Despite the poor fiscal state that much of the Western world is in, this setback doesn’t mean man’s aspirations to travel beyond our planet have gone away. The European Space Agency have announced two of its most ambitious missions to date that will broaden our collective knowledge about the universe. The initiators of these grand endeavors are pictured below.
The missions, whose time frame for launch and operations is from 2015 to 2025 under the Cosmic Vision Plan, involves two unmanned spacecraft. These are Euclid (named after the mathematician) and Solar Orbiter, whose handle doesn’t leave much to the imagination.
Between the two, it’s Euclid that has so much more responsibility on its shoulders. Already scheduled for a 2019 launch at French Guiana, Euclid is going to travel far and wide for a groundbreaking study of that ever illusive dark matter. A veritable galaxy observer, Euclid’s turf is going to span billions of light years. The ultimate goal is to help us explain why the universe is the way it is.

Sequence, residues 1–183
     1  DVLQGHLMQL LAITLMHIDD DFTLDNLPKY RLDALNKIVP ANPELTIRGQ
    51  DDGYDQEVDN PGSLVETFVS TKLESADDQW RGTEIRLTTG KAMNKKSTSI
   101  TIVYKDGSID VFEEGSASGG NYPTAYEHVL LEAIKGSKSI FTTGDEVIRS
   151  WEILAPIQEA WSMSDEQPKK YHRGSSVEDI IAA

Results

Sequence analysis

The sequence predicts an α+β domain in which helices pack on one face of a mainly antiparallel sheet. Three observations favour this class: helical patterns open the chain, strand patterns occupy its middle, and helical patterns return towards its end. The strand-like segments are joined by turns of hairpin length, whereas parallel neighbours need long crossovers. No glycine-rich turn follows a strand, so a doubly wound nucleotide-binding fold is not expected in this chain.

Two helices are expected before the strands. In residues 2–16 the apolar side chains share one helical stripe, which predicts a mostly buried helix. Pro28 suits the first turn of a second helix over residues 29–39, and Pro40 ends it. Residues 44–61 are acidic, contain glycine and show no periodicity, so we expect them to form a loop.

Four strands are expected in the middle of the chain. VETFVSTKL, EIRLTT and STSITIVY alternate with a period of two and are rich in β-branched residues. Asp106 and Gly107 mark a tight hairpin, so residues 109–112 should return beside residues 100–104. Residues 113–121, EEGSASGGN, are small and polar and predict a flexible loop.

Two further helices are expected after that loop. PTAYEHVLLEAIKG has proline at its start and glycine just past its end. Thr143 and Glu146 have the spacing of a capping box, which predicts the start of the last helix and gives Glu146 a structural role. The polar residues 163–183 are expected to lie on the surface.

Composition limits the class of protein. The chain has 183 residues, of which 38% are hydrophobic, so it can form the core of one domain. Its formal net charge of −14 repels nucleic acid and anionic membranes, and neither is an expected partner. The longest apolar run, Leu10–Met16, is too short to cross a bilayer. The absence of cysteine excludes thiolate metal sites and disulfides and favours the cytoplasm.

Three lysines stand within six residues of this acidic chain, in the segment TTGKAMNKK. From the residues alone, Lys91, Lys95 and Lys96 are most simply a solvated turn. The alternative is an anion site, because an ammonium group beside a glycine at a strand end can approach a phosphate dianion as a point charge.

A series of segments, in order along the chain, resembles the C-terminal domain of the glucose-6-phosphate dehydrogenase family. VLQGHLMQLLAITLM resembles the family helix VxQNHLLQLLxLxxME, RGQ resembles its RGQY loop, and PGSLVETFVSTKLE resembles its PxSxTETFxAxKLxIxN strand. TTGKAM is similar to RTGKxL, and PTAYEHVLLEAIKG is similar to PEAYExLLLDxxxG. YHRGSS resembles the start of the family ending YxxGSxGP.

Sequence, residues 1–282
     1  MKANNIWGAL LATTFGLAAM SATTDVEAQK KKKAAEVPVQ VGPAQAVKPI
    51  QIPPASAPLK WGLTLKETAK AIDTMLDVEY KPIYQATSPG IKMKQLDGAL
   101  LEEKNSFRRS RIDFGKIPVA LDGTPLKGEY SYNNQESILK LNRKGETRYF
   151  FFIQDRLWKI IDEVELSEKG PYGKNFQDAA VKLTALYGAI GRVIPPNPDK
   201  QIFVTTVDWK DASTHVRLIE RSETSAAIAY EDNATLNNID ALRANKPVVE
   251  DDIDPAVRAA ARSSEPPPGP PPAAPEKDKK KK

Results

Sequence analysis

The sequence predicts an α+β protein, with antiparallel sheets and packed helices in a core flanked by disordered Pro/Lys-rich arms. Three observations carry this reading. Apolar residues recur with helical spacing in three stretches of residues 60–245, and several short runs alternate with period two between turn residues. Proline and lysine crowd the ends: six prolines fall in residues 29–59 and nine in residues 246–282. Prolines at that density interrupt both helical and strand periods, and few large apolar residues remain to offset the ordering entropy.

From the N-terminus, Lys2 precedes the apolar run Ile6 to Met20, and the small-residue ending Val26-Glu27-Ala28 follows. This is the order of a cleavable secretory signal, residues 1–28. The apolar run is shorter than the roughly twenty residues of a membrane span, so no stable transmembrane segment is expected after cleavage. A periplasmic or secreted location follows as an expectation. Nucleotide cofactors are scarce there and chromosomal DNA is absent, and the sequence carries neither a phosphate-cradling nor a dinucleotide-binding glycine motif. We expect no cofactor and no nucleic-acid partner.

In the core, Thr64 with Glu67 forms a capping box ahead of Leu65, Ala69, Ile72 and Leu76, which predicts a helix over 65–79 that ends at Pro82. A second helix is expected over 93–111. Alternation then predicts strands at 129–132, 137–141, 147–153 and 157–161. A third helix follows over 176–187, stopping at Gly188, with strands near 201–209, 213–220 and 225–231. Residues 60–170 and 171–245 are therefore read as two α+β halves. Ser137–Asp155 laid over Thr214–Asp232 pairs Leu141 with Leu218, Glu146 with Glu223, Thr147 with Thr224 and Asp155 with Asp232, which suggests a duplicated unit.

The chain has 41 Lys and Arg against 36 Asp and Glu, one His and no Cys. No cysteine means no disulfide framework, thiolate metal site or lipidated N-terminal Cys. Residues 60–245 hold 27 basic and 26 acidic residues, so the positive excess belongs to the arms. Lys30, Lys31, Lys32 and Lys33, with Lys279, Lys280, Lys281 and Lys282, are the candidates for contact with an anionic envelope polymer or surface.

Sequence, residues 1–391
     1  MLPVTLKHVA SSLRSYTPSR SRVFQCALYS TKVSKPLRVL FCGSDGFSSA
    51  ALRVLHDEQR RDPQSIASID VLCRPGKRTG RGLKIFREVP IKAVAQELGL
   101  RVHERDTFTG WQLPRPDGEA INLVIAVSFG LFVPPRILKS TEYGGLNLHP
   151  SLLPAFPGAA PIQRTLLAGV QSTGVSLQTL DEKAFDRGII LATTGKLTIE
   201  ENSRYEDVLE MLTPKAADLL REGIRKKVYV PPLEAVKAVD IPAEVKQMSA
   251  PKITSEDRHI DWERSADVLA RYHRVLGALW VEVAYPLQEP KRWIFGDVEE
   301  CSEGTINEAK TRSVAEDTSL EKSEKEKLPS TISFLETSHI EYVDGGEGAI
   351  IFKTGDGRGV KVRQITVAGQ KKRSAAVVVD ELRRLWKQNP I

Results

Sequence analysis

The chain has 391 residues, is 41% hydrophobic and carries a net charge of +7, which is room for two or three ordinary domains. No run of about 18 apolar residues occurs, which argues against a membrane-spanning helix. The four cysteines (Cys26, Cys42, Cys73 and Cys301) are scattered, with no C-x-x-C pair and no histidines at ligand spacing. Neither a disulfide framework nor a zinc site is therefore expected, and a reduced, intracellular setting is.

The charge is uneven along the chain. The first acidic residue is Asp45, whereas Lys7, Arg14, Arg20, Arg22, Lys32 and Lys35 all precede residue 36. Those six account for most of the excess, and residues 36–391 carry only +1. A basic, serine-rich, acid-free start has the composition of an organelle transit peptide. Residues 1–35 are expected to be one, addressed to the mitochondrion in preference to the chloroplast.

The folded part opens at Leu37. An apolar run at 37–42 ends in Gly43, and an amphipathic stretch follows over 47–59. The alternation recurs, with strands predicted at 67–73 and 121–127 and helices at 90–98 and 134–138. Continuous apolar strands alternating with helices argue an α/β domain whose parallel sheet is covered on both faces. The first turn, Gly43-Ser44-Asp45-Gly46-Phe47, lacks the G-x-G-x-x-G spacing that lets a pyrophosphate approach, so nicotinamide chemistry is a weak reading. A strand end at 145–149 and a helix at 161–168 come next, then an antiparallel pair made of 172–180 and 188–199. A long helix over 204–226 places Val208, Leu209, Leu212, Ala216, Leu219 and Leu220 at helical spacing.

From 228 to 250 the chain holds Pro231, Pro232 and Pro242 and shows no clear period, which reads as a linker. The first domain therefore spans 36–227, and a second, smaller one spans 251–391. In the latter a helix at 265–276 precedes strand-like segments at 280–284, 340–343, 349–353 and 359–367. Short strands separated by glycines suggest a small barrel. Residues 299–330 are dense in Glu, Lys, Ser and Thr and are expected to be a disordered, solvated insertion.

Then there’s Solar Orbiter, the only spacecraft capable of operating so close to the sun without damaging itself. Its mission is gathering data that will help explain the sun’s environment.